Interacting directly with toddlers is an effective way to teach the ABCs, according to Scholastic’s Francie Alexander. Try singing the alphabet song with toddlers, drawing letters and reading books together. Spend time sounding out the letters for toddlers to hear to help them form a mental connection between the letter and the sound it makes. Allowing toddlers free drawing time, without the aid of coloring books, will help them draw lines and curves, the building blocks of the written alphabet.
Use wooden blocks, cardboard flash cards or refrigerator magnets to introduce toddlers to letters. Allow the toddler to play freely with the toys bearing the alphabet. Repeated visual exposure to the alphabet will help toddlers become familiar with the shapes of letters.
Pour uncooked rice onto a cookie sheet. Spread out the rice. Draw letters of the alphabet in the rice with the pointer finger. Help the toddler draw letters and shapes in the rice. Give older toddlers a chop stick or unsharpened pencil and encourage the toddler to work on her fine motor skills. Learning the fine motor skill of grasping a drawing utensil is a precursor to learning how to print letters.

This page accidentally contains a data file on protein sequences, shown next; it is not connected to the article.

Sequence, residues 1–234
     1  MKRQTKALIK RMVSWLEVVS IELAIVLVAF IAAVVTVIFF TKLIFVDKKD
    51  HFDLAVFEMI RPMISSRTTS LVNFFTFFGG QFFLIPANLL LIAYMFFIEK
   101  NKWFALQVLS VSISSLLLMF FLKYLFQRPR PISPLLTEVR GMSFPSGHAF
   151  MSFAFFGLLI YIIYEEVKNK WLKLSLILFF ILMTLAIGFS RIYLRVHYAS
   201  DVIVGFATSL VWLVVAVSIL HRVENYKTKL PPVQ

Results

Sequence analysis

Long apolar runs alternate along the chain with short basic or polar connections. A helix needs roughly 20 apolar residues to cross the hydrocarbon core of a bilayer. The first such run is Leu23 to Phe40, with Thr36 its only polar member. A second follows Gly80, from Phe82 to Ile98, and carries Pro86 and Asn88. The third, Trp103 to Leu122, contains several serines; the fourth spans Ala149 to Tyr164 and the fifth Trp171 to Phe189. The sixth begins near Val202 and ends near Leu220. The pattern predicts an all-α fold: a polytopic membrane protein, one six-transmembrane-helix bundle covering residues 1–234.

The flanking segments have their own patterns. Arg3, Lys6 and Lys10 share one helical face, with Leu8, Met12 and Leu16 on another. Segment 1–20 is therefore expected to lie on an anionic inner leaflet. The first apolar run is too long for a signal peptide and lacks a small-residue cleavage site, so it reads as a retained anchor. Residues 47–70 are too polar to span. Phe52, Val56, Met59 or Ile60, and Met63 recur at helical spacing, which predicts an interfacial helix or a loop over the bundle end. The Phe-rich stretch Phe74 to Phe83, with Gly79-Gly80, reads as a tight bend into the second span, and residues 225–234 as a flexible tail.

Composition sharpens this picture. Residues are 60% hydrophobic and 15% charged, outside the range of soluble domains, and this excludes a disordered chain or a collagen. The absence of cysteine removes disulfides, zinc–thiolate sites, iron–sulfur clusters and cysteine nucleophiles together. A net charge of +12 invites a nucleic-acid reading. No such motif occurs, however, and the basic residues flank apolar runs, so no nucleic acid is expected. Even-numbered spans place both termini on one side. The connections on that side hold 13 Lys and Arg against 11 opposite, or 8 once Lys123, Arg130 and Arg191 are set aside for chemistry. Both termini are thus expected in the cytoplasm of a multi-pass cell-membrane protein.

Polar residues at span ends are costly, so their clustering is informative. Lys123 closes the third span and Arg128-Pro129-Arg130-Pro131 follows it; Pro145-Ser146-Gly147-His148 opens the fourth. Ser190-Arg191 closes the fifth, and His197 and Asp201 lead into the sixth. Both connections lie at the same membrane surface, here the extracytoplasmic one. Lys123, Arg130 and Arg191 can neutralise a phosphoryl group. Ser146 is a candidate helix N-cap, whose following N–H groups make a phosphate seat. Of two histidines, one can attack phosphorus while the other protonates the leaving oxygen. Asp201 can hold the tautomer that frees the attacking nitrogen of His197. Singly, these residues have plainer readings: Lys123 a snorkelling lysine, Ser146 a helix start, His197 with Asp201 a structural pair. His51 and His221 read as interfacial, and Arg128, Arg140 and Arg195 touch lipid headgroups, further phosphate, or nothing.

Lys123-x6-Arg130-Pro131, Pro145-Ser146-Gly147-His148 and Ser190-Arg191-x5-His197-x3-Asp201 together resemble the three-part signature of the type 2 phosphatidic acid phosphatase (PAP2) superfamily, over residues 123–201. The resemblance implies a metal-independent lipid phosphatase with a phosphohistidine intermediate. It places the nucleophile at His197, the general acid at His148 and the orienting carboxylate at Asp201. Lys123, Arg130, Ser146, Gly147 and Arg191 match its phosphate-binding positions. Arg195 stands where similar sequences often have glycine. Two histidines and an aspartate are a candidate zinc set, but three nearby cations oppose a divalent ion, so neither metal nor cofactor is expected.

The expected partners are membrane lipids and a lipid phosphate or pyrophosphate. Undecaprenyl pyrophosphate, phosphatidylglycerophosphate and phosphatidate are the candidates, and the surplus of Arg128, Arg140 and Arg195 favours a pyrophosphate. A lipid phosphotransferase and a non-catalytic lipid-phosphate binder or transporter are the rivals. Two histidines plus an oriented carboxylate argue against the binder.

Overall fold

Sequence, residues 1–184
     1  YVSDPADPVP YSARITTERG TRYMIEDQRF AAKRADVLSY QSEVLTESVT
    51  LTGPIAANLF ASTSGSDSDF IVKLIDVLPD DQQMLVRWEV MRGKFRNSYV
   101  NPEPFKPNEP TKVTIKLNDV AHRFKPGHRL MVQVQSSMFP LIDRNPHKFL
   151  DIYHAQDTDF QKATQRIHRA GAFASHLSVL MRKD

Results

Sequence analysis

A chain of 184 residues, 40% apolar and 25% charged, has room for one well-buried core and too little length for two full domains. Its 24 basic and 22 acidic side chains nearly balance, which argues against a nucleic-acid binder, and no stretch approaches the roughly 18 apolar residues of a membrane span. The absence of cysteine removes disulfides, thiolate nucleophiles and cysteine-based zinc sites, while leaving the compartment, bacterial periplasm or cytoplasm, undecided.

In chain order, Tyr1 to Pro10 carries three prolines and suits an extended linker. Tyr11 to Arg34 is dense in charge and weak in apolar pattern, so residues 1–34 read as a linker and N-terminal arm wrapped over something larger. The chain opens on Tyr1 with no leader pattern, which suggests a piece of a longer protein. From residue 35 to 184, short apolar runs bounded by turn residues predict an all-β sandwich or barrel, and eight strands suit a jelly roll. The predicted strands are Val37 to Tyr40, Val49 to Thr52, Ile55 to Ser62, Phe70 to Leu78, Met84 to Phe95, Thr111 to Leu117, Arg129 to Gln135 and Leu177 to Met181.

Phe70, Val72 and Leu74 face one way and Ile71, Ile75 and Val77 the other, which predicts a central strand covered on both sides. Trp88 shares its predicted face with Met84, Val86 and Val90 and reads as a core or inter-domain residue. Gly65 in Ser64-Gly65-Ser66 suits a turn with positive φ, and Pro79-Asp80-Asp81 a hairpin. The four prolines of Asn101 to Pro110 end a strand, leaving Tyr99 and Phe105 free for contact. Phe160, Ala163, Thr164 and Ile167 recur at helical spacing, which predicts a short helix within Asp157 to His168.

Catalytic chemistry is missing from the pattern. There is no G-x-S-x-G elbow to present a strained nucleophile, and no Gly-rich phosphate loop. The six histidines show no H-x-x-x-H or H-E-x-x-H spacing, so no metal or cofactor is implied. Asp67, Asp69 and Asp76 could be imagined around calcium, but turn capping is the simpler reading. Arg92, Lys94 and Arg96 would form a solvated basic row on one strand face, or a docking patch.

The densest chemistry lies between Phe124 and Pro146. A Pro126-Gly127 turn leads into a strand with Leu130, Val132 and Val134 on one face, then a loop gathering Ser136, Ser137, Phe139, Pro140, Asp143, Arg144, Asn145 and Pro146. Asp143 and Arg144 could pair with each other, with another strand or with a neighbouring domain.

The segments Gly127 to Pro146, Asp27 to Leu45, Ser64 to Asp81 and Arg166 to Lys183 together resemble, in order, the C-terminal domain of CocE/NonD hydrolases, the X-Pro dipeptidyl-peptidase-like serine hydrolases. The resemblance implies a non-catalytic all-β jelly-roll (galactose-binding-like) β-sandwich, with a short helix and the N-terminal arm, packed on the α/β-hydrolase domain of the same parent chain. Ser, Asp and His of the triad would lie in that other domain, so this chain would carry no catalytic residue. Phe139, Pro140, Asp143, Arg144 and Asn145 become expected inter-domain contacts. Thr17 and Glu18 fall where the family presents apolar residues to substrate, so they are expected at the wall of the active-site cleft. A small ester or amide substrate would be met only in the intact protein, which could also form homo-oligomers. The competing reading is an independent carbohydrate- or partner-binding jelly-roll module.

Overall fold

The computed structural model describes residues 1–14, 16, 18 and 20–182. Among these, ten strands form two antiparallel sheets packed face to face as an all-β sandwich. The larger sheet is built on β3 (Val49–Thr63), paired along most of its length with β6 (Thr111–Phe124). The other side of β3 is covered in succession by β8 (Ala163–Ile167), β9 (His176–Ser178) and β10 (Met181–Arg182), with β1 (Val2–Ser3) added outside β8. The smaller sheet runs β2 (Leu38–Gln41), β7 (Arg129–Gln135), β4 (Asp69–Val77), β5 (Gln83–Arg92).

Play alphabet games in the grocery store with a toddler. Point out large letters above grocery store aisles or on products. Ask the toddler to locate specific letters or to call out letters she recognizes. The same can be done while you are out for a walk with a toddler or riding in a car.
Spray shave cream or bath foam soap into the shape of letters, either on a cookie sheet at the table or while in the tub. Ask toddlers to name the letter. Let the toddler make letter requests for you to draw with the foam, including the letters in her name.
Have a treasure hunt in your home and instruct the toddler to search for objects that begin with specific letters. Use letters that are related to her favorite toys or objects in the house. Draw a map with letters on paper and roll it up into a scroll, for a more formal game.
- Do not let toddlers play with alphabet magnets without supervision, as a loose magnet poses a choking hazard.